Faith in Times of Trouble: The Role of Spirituality in Coping and Recovery for Organ Transplant Recipients

Moriah Williams

This project explores the ways in which spirituality is utilized in the coping and recovery processes for individuals who have received a solid organ transplant. From the time of diagnosis to beyond the point of transplantation, people with organ failure may experience a variety of physical, mental, social and economic stressors that induce psychological distress. Common stressors are related to socioeconomic barriers, medical mistrust in the patient-provider relationship, adherence to treatment, social support, comorbid physical/mental health or conditions, situational adjustment, and feelings of worry that arise pre- and post-transplant. Some people employ elements of spirituality to cope with these experiences. This study seeks to better understand the role of spirituality in the coping and recovery processes for organ transplant recipients, and to investigate the associations between the use of spirituality and post-transplant physical/mental health outcomes.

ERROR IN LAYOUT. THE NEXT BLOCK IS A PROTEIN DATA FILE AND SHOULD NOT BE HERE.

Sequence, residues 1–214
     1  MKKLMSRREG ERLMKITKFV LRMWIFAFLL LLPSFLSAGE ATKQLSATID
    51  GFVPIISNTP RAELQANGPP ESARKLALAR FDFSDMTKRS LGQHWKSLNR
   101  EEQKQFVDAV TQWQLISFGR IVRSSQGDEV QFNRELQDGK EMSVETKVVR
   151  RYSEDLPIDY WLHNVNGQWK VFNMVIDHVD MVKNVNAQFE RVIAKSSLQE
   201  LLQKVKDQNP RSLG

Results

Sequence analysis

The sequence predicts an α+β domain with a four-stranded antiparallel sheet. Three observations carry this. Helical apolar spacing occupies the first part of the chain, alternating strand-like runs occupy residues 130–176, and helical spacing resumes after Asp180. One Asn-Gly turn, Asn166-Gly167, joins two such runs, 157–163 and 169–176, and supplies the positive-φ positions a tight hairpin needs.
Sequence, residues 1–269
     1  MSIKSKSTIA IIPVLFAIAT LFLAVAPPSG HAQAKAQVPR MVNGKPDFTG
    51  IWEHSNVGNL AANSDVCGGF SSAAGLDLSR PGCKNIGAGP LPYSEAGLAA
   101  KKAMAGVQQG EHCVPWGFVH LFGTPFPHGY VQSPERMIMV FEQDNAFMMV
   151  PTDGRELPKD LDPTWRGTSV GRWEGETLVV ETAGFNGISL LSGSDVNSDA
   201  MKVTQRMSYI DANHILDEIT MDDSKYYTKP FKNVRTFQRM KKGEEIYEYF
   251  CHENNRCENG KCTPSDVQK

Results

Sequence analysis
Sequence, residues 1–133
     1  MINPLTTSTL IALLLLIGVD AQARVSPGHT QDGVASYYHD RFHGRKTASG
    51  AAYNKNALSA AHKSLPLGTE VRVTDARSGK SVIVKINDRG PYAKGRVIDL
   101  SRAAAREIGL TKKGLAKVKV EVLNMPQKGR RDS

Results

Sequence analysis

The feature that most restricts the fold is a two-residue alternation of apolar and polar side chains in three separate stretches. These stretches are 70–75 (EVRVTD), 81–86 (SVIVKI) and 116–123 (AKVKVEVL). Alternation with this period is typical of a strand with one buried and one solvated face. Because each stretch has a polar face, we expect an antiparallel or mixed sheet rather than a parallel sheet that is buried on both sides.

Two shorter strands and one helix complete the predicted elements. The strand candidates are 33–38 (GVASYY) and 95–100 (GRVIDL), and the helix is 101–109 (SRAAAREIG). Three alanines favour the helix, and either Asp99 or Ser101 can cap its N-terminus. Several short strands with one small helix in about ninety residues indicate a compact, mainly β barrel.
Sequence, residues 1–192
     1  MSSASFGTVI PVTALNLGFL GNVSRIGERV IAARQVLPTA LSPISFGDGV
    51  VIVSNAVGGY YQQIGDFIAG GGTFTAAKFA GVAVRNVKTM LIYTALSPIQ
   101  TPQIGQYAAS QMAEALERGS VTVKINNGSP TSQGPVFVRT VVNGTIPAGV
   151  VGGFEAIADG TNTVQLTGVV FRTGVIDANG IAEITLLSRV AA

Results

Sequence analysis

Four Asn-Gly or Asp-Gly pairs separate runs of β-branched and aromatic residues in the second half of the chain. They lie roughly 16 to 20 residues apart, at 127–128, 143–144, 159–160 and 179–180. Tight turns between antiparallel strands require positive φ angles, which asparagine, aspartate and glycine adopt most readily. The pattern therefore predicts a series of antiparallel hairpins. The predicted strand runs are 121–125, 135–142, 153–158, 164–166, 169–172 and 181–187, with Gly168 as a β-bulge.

Department:

Psychology

Mentor(s):

Camilla Nonterah